It was midnight, almost exactly an hour after my water partially broke, when the contractions began. They were only 5-6 minutes apart right off the bat, but I didn’t want to drag the kids out of bed—or make my dad drive an hour to our house to babysit them—in the middle of the night unless it was really Go Time. The baby was still moving around quite a bit and I wasn’t uncomfortable yet, so George slept next to me on the couch while I jotted down contraction times and waited. Around 4:30 a.m. I finally woke up George and called my dad (apologizing profusely to both of them) because I wanted to get ready in case things started moving faster.
Within half an hour I started to panic. “Maybe we should go. Let’s just go now,” I told George. He woke up Oliver and Andrew, dressed them, and put them in the car; I called my dad en route to the hospital and told him to meet us there. My contractions were only 3 minutes apart and becoming more painful at this point, so the 20-minute drive seemed to take forever. Hang on hang on hang on, I chanted in my head.
We pulled up to the hospital’s ER entrance at 5:30 a.m. “Looks like you’re having a baby today!” the nurse at the ER triage desk chirped excitedly as I waddled in with a tired smile. She directed George and the boys (who were now visibly anxious as they waved goodbye) to the waiting area, where they would meet my dad, while another nurse took me back into triage to check my vitals and review my history: Six pregnancies, three miscarriages, two living children. And now we can even the score, I thought gratefully.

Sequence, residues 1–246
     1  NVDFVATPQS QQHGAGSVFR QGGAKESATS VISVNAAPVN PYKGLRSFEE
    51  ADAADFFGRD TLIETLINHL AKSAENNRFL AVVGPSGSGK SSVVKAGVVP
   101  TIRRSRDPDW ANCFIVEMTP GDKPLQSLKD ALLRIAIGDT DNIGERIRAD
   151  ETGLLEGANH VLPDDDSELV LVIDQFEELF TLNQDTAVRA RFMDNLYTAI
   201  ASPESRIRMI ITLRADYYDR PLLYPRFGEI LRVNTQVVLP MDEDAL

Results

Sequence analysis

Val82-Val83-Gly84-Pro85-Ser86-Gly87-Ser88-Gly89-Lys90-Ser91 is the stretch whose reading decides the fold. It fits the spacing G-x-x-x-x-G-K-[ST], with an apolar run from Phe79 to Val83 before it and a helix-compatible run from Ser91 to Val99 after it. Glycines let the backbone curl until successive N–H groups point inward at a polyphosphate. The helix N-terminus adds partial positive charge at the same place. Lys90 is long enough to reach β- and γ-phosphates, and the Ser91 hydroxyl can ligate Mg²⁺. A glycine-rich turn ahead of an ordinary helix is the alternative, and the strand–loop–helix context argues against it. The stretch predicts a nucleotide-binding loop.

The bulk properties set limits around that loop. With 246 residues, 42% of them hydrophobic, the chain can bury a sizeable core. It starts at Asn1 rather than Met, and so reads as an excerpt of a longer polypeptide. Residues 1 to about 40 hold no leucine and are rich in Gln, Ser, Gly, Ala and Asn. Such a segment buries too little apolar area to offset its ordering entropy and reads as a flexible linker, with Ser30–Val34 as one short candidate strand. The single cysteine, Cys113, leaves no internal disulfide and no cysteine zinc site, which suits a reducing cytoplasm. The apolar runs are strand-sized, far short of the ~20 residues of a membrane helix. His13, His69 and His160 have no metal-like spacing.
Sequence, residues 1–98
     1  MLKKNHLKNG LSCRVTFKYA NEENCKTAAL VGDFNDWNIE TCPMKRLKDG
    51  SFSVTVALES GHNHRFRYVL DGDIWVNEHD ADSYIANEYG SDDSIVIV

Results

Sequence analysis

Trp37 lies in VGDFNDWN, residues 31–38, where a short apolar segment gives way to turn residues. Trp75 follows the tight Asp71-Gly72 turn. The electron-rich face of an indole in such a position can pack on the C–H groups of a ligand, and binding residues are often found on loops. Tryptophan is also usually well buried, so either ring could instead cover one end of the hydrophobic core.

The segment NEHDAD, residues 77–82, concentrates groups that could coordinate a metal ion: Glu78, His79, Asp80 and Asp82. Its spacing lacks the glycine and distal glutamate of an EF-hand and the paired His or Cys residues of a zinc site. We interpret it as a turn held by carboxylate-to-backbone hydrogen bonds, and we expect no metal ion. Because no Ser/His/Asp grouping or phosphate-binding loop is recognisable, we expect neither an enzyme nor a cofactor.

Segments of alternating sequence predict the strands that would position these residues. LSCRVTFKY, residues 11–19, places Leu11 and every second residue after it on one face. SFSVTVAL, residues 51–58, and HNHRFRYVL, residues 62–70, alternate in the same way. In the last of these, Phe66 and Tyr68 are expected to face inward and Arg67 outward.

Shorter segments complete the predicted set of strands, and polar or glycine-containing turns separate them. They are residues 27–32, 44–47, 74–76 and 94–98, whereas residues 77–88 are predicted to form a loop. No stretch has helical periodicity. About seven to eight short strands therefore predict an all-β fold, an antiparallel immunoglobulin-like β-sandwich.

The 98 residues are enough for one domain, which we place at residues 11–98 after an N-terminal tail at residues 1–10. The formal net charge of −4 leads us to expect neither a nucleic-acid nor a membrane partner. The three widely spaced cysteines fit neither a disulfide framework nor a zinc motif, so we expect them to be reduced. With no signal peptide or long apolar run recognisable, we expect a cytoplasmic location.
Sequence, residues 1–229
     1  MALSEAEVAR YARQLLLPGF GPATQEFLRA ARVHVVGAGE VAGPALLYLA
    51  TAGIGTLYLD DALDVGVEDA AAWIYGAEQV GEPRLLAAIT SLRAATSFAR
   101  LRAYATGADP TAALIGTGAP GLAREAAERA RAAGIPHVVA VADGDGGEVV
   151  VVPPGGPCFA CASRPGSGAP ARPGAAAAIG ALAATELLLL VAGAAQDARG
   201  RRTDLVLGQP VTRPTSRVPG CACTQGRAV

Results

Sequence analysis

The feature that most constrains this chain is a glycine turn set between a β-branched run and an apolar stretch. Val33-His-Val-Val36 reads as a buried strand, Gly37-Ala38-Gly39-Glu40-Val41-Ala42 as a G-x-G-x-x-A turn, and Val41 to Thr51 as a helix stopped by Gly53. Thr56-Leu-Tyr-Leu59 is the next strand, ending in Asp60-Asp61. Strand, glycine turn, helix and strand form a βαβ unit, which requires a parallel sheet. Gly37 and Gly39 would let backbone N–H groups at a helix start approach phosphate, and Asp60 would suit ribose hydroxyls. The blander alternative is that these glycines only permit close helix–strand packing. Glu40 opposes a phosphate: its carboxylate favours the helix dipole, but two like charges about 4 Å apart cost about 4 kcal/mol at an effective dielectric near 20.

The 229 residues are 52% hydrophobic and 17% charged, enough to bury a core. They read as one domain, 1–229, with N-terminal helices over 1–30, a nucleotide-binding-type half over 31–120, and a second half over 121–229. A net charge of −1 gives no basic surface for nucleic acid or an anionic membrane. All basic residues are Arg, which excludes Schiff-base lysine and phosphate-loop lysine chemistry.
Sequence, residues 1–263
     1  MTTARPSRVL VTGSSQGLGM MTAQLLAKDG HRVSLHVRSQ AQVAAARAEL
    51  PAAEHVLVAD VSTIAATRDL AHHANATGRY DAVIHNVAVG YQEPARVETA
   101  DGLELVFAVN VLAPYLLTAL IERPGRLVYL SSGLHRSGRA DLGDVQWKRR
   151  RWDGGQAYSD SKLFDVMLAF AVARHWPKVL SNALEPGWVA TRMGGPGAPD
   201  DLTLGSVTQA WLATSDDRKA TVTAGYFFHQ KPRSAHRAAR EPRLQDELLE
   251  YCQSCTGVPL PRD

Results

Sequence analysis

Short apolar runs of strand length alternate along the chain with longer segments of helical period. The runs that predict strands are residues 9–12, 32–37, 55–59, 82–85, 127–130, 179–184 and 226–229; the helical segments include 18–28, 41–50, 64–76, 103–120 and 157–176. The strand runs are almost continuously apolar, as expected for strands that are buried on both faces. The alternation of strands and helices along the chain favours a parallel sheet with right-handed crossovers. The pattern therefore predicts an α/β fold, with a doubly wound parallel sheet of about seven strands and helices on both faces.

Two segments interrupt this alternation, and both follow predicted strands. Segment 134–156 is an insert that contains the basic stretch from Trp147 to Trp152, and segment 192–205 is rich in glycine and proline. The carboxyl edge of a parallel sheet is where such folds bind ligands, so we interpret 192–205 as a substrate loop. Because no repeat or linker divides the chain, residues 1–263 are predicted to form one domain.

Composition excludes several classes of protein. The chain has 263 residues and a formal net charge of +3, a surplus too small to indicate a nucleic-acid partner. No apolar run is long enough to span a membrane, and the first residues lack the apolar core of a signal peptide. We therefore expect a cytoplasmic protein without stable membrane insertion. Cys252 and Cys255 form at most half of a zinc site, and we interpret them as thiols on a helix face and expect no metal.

Upon hearing I was having a third boy, the nurse turned to face me and smiled, “How lucky you are!” I was so used to replies of, “Oh, well… I guess you’ll have to try again for a girl!” that her genuine praise caught me off guard. “Thank you,” I smiled back, not even bothering to wipe the tears that started rolling down my face. I knew it was the truth, that no matter what else I had been through or what I had yet to face, I was very blessed.
An OB resident checked me and found I was 5+ cm dilated, and I was admitted to the labor & delivery unit at 6:30 a.m. By 7:30 a.m. I was 6+ cm and the contractions were getting really painful, so I asked for an epidural. I hoped the pain relief would allow my body to relax and speed up my dilation as it did during my labor with Andrew. Instead, my dilation had stopped progressing when they checked me an hour later. The resident discovered that my partial water break had actually been a “hind-water” break and the baby’s head had moved down and blocked the rest of the fluid, so she completed breaking my waters to get things moving again. When my doctor arrived at 9:30 a.m., I was still stuck at 6.5 cm. “I think we need just a wee bit of Pitocin, if that’s okay with you,” she said. “We’ll give you a very low dose, and I have a feeling it won’t take long.”
The nurse started the Pitocin drip shortly before 10 a.m.; at 10:30 a.m. she checked me again and promptly turned off the Pitocin. “You’re just about 10 cm!” she announced. “I’m going to let your doctor know, and then we can do some practice pushes!”
“Wow, okay!” I laughed.
I said a quick prayer for the baby’s safe delivery. George still did not know about the soft marker for Down Syndrome on the ultrasound; now that the moment of birth was so close, I started second-guessing my decision not to tell him. What if the shock makes it harder for him to accept the baby? Maybe it was selfish to keep it to myself. Maybe I should have helped HIM prepare, too. It was too late, though. For better or for worse, he did not know, but both of us would find out very soon.